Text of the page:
God is Red, Land is Dead? A Call to Reject the Lyng Line of Cases
Posted: 16 Oct 2020
Date Written: August 28, 2020
Does the First Amendment protect the free exercise rights of Native Americans? Under current doctrine, the answer is no. In Lyng v. Northwest Indian Cemetery Protective Association, 485 U.S. 439 (1988), the Court held that the federal government’s property rights trumped the free exercise rights of the Native American plaintiffs. This paper argues that Lyng was incorrectly decided as a matter of law. Accordingly, this paper advocates for the adoption of a new free exercise test that renders Indigenous claims cognizable to courts.
In part, this paper responds to Professor Maggie Blackhawk’s recent call to reexamine federal Indian law jurisprudence. Specifically, it demonstrates that rejection of the Lyng line of cases can address the continued legacy of American colonialism. Drawing from existing scholarship, this paper offers a formulation of RFRA’s substantial burden test that accommodates Indigenous plaintiffs’ claims to sacred sites. This paper also adds to the literature by applying the Court’s Establishment Clause analysis from American Legion v. American Humanist Society (2019). It concludes that rejection of Lyng is key to preserving both the free exercise rights of Indigenous peoples and the integrity of First Amendment jurisprudence.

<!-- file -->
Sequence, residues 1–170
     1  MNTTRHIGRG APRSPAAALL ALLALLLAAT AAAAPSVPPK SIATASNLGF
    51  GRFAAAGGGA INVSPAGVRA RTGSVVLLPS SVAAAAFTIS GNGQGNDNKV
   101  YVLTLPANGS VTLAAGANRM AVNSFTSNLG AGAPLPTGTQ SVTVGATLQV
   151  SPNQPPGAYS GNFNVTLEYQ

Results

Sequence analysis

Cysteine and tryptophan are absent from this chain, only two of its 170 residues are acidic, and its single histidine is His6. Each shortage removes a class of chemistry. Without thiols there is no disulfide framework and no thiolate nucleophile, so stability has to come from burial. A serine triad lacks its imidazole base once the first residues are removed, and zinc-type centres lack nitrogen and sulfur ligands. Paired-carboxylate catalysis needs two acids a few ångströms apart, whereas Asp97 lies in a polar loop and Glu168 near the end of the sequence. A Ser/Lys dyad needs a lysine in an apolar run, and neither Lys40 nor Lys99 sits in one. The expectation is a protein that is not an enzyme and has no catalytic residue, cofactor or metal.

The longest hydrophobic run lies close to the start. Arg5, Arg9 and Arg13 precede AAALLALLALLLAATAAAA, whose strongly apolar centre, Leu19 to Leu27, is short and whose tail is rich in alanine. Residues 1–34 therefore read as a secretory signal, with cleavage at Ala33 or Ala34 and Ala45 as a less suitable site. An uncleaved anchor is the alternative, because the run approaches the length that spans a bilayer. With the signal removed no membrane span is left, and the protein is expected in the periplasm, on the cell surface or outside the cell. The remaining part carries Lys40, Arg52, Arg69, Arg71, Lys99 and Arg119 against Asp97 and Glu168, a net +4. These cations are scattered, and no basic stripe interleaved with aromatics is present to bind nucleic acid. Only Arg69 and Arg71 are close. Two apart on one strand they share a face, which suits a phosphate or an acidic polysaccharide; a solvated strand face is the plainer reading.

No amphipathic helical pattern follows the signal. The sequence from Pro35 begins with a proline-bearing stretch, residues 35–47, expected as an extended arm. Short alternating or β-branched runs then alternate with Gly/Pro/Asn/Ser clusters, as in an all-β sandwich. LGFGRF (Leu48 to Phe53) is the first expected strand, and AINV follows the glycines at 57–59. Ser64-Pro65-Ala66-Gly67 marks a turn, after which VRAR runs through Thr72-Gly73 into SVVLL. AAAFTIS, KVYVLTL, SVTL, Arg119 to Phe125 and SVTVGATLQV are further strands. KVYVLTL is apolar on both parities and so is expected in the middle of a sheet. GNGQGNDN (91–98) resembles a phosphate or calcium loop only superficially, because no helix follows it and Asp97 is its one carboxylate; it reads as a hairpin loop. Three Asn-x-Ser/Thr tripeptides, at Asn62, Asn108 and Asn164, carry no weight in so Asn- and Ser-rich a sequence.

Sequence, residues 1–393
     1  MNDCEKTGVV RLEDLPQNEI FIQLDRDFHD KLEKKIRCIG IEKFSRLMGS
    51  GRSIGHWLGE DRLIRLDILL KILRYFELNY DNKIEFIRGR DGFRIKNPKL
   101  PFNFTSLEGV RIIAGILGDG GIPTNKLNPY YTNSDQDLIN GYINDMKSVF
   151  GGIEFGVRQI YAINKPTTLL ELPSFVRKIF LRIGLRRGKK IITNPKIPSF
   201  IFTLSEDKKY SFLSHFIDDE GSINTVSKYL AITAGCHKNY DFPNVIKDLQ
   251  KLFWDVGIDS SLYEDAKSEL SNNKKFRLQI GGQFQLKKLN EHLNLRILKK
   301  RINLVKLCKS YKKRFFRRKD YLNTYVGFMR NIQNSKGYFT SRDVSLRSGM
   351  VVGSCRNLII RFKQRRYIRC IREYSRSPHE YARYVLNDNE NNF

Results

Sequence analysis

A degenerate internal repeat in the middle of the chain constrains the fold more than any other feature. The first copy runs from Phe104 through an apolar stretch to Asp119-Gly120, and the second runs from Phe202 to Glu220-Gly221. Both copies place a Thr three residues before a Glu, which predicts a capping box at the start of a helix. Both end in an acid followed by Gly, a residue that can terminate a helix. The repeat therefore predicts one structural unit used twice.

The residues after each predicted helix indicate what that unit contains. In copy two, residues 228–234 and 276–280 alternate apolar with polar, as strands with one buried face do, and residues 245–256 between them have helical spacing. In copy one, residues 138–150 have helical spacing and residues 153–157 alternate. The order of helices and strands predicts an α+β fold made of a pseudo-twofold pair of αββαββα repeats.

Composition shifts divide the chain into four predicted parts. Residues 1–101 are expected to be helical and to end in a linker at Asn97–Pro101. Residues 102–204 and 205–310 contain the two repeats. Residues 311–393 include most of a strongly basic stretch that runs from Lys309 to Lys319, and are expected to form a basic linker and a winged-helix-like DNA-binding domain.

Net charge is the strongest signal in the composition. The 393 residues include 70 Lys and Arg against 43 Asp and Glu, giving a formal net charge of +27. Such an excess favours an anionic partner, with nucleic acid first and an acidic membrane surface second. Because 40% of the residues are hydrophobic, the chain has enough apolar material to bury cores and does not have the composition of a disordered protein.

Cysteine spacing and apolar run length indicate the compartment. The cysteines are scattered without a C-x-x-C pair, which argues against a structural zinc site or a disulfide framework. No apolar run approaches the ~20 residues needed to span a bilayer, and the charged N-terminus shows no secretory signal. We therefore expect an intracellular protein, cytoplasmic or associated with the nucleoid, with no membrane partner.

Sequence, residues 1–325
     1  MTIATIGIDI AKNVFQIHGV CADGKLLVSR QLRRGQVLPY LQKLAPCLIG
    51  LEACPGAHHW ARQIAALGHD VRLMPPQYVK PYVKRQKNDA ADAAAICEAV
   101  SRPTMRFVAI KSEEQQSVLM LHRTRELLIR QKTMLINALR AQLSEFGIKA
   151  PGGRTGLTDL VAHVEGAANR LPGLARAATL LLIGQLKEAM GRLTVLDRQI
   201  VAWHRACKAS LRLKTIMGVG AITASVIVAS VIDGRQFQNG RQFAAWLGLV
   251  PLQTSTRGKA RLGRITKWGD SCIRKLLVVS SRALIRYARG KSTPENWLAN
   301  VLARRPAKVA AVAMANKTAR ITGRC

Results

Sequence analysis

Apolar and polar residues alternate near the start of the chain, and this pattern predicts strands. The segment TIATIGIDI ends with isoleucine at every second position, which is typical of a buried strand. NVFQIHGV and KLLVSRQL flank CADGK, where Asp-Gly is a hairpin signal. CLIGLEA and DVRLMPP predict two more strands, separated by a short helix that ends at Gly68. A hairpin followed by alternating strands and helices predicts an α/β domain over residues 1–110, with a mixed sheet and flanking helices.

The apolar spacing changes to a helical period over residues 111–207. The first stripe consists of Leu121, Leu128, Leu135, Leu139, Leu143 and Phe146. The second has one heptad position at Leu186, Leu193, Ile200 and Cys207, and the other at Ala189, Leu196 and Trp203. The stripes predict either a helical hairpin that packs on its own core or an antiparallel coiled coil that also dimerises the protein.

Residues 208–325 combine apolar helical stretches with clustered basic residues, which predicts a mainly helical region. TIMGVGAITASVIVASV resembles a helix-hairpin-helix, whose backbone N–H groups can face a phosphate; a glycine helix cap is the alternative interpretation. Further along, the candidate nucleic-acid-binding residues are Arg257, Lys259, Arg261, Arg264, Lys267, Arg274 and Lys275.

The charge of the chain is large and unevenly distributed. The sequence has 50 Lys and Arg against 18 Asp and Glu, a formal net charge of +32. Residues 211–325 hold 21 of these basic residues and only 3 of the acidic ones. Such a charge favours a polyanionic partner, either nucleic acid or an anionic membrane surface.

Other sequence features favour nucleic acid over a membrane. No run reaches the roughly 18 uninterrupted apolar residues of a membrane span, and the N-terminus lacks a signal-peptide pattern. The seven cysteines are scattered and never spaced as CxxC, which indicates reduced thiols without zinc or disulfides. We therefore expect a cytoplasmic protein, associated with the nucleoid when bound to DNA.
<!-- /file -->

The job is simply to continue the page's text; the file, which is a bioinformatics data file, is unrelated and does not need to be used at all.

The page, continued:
Note: This paper won first prize in the Eleventh Annual Religious Liberty Student Writing Competition sponsored by the Washington DC/ Mid-Atlantic Chapter of the J. Reuben Clark Law Society & the International Center for Law and Religion Studies.
Keywords: Indigenous, sacred sites, First Amendment, free exercise, establishment clause
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